The sale of the aerospace business, for $5.6bn in cash, is expected to close in the first half of 2024. The aerospace business - which represents around 14% of Ball's business - is centered in Boulder, Broomfield and Westminster, Colorado and is described as a ‘multi-dimensional platform for vital national defense, intelligence, and science hardware, software, and space-based assets’.
The acquisition will allow Ball – which in 2022 reported net sales of $15.35bn with 21,000 people employed worldwide - to reduce debt, return money to shareholders and build up growth in the packaging industry.
"Ball going forward will be a pure-play aluminum packaging leader diversified across the beverage, personal care and household products industries for both single-use and reuse occasions," summarized Daniel William Fisher, chairman and CEO of Ball, as the company announced the sale.
Aluminum cans, bottles and cups
Ball is best known for its packaging business, and has been building on this over the years: becoming the largest producer of aluminum beverage cans after its 2016 acquisition of Rexam for around $6.1bn.
Other acquisitions include Aerocan SAS in 2011, Neuman Aluminum in 2019, the purchase of four metal beverage can plants from AB InBev in 2009, and US Can in 2006.
It now has 67 facilities across the globe for single-use, limited reuse and refill aluminum packaging: with 2022 net sales of $13.4bn when the aerospace business is excluded.
The company's strategy, said Fisher, is to 'enable the greater use of circular aluminum packaging on a global scale'.
"Our acceleration of low-carbon, best-value aluminum packaging initiatives in the years to come will stimulate organic growth across our global packaging operations and improve the world for future generations.
"Our innovative portfolio of aluminum cans, bottles and cups for single-serve, refill, reuse and recloseable applications has untapped potential, and we look forward to unlocking that value and delivering sustainable compounding shareholder growth now and beyond."
So what could that 'untapped potential' look like? The company already serves a diversified global customer base across multiple brand categories, channels, venues and occasions. But Fisher told investors in a conference call last week that the divestiture of the aerospace business will allow the company to find exactly where those growth opportunities are.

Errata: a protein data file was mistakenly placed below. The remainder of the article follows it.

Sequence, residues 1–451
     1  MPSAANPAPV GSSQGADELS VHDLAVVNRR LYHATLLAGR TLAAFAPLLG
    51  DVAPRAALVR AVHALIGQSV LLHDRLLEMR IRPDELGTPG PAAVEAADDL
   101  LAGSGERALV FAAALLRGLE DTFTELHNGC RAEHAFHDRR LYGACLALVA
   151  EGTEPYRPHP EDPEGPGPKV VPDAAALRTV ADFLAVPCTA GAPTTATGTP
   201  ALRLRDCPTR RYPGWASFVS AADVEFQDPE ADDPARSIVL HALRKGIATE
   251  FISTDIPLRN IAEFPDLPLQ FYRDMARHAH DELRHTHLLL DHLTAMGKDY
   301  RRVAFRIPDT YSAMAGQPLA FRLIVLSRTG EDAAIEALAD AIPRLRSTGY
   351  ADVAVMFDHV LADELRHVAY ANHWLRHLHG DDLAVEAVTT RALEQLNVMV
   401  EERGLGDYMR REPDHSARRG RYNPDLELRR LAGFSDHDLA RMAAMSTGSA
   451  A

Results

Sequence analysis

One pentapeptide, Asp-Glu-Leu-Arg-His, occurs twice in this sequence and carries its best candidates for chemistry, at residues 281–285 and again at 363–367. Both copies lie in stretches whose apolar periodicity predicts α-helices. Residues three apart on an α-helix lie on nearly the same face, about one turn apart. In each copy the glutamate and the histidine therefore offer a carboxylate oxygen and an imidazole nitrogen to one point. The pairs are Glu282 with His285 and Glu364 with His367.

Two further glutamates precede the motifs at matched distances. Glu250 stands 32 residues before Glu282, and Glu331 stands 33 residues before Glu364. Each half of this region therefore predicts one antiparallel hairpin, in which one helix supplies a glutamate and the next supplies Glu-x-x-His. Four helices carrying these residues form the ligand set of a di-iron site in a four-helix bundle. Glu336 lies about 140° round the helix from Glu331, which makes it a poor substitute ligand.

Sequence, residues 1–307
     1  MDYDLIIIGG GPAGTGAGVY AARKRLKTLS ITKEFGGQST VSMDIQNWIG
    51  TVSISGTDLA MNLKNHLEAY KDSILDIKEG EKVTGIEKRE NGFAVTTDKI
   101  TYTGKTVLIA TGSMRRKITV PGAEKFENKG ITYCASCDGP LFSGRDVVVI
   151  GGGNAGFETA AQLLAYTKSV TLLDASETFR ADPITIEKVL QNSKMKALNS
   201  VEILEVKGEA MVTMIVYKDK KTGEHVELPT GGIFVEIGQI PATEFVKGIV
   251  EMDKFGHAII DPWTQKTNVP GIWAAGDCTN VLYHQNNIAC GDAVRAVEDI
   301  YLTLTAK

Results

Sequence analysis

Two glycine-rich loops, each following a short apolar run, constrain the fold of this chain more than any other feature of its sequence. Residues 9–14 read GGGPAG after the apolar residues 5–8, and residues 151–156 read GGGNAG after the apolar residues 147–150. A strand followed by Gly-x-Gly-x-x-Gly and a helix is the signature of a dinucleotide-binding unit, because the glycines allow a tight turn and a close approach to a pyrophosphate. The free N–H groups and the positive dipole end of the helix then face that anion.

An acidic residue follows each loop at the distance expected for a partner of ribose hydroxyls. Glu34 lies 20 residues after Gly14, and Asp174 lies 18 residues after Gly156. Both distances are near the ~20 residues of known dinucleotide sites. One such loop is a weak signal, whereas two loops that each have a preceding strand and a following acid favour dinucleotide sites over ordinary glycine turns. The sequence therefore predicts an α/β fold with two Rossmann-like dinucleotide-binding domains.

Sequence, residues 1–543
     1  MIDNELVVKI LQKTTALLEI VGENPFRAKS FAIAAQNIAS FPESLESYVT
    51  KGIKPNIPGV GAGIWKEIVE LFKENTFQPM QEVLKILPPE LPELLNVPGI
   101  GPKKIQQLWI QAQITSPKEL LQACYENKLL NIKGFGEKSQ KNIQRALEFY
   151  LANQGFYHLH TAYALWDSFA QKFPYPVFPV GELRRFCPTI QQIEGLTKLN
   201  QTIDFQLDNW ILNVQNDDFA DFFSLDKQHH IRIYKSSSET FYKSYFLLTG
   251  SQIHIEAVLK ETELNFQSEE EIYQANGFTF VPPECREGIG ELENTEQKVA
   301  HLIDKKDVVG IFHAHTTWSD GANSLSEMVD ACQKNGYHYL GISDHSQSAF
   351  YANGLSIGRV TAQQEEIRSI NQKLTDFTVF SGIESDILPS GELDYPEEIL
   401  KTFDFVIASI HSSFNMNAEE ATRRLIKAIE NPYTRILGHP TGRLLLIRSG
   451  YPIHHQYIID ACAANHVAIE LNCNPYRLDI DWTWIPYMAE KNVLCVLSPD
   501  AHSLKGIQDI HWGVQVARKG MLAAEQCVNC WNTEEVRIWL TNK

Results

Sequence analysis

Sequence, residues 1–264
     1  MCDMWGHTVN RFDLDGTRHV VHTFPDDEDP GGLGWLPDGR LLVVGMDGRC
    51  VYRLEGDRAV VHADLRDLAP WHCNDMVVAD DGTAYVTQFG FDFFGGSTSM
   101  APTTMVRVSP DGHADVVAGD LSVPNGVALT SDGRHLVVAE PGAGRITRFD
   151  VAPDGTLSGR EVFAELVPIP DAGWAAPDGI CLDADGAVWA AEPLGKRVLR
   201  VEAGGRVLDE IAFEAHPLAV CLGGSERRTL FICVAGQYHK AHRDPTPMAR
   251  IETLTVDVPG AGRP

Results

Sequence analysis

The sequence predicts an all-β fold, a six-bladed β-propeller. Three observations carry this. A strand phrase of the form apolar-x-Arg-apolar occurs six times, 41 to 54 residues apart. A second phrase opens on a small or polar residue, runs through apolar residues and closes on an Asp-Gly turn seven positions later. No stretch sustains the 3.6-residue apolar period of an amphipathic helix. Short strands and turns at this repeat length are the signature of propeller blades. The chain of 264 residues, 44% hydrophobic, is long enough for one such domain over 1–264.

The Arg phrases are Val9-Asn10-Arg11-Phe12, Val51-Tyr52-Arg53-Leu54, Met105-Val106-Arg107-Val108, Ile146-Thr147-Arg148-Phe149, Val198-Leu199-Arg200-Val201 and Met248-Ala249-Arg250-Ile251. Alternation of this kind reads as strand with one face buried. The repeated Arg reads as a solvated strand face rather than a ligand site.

"Right now, we're constructed as a beverage business and a cups business and aerosol business, as you understand. But when we're talking to - for instance, mountain towns in Colorado, that are trying to remove plastic waste - they want to know everything that Ball has to offer to solve everything from single-use plastic cups to single-use plastic bottles to very difficult recycling infrastructures.
"And we need to organize our way to accelerate the growth that's right in front of us."
One of the focuses, says Fisher, will be the EMEA and North America regions, where "packaging legislation and customer substrate shift is aligning in aluminum packaging's favor" (North and Central American beverage packaging already accounts for around 44% of Ball's sales; with EMEA beverage packaging accounting for 24%)
Championing the sustainable credentials of aluminum, Fisher says the company's job now - particularly when looking at these potential new opportunities - is to create clear communication around both the sustainability and economics of the format.
"We need a better carbon footprint story: without repute we believe we have the best, but [we need to] lean into that, and making sure that the cost profile and the economics of aluminum are in a position where it's a lot easier for our customers to move there. And I think we'll be able to do both of those post-transaction focusing on this business with all of our intent and all of our deliberateness and a flexible balance sheet, and an aligned business.
"We're moving in the right direction and aluminum has a lot of tailwinds that we're just going to be able to accelerate."